When you can foods, even in a mass production setting, you're pouring near boiling contents into the cans. So heating it in your soup is no different than having used those tomatoes in the soup. If it wasn't food safe it wouldn't be used for canning. It would do no more harm to eat the soup than it would be to eat the tomatoes out of that can.
While there may have been health risk in the past with the coating on many canned products, its incredibly rare in modern day. While trace amount of tin are generally safe, in a larger quantity they can cause nausea and vomiting, but generally no long term effects as these are mostly related to the inability to digest tin. In the UK some canned products are coated in a Bisphenol-A compound which is a known carcinogen. Though this is becoming less common, as BPA is generally avoided in food containment. Though the toxicity of BPA is still widely debated, its generally best to avoid it.
Most cans are made of steel, which if dissolved, even in relatively large quantities is not a health risk. For instance, many pans are made of steel or iron. Most commonly these cans are coated with aluminum as its much cheaper to plate steel with aluminum rather than tin. Aluminum can be toxic in large quantities, but aluminum is very resistant to corrosion, as it tends to form an oxidized coating which prevent most corrosion.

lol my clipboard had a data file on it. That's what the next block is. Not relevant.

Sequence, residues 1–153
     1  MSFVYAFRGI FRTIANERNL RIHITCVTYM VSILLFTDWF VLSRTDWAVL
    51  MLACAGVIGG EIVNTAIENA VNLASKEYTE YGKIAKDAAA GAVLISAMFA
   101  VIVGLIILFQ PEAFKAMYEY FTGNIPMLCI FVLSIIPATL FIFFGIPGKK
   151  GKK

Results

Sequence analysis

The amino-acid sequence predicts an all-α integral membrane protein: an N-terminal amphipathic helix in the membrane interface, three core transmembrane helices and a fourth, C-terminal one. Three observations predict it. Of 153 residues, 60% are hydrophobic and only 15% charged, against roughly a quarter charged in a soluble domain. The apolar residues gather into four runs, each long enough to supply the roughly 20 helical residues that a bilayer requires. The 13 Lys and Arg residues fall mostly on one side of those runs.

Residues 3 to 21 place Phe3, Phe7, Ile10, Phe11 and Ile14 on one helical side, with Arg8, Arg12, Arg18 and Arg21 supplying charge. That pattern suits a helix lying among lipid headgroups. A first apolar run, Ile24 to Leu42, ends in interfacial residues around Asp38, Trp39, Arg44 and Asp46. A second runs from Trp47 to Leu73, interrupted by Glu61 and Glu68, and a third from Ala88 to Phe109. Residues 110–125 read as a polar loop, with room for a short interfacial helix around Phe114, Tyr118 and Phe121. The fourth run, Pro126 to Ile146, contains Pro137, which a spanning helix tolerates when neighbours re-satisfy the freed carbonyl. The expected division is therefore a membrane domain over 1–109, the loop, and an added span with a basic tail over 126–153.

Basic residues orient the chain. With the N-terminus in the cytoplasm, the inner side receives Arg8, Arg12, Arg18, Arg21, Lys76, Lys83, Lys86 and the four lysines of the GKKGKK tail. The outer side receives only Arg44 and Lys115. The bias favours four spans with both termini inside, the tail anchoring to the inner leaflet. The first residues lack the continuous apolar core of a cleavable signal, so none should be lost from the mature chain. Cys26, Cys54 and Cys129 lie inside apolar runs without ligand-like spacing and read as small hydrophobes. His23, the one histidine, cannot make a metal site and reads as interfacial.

There are some minor safety hazard in consuming the coating on certain canned products, though its increasingly less common to find products canned in these containers that contain potentially hazardous materials. Tin coated cans have made people nauseous in the past, due to the tin dissolving from acidic contents like fruit. Though generally the can has to be rather old, and discoloration is a good indicator in this case to avoid consuming problematic amounts of tin.
I'd say being that there are no reports of people becoming ill from cooking a portion of a can, that its safe to assume that there are no major health implications. Though if you are worried, you may want to contact the company that packages the specific brand of canned goods you are using.